Build an Immigration System that Honors our Values and Serves our Economy   

President Trump instituted the vile policy of separating families at the borders to deter others from seeking refuge here. As Senator, I’ll work to ensure that no President can ever treat human beings in this cruel way. We will embrace those who come here to flee war, reunite with their families, and seek to contribute. 

From children escaping violence in Guatemala, Honduras, and El Salvador today, to Irish fleeing the potato famine, to Jews fleeing the Holocaust, to the lost boys fleeing Sudan, America has been built and invigorated by generations of immigrants who have come to our shores seeking a life of justice and opportunity that was denied to them in their home countries. Restoring the understanding that America remains a beacon of freedom in a troubled world is how we build our country and lead the world at the same time. This requires restoring our practice of welcoming refugees and asylees and demanding humane policies for those who show up destitute at America’s borders.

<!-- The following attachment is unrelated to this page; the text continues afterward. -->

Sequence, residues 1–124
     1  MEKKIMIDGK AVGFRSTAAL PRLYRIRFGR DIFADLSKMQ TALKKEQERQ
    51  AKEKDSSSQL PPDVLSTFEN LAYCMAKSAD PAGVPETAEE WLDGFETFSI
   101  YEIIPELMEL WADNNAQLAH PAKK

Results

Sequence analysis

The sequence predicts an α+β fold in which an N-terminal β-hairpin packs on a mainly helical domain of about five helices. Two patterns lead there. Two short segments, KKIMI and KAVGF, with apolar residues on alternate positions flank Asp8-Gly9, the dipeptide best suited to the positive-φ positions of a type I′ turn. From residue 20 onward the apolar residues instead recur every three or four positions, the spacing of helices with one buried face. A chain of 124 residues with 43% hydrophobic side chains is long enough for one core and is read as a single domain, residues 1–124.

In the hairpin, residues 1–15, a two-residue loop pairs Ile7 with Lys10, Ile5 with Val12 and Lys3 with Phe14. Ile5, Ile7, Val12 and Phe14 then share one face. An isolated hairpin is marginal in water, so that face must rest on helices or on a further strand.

Last year we hit a shameful record; we welcomed the fewest refugees we have since we started counting in 1980. We brought in 22,491 refugees, down from 207,116 in 1980. As Donald Trump and Cory Garner have slammed our doors, the need in the world has only increased: there are now more refugees than there were in World War II. In some cases, our foreign policy choices have helped fuel these crises. I propose embracing 200,000 refugees a year once again, which is the ceiling Ronald Reagan set, and scaling our refugee support services accordingly. The judgment of future generations will perhaps be most stark when it comes to how we choose, today, to either welcome or turn away those around the world who are most in need, whether a human facing famine, war, persecution, national disaster, or economic desperation.

In order to right the wrongs of the families we’ve separated and do right by the mixed-status families here, we will also make it easier for more families to be together. Currently we cap the number of family members who can immigrate to the United States in a given year. This means that too many Americans are waiting for their sisters and brothers, in many cases longer than 20 years. We can’t force families to wait a generation to be together. We must give more family reunification visas every year and ensure that country of origin doesn’t dictate how long one waits to be with loved ones.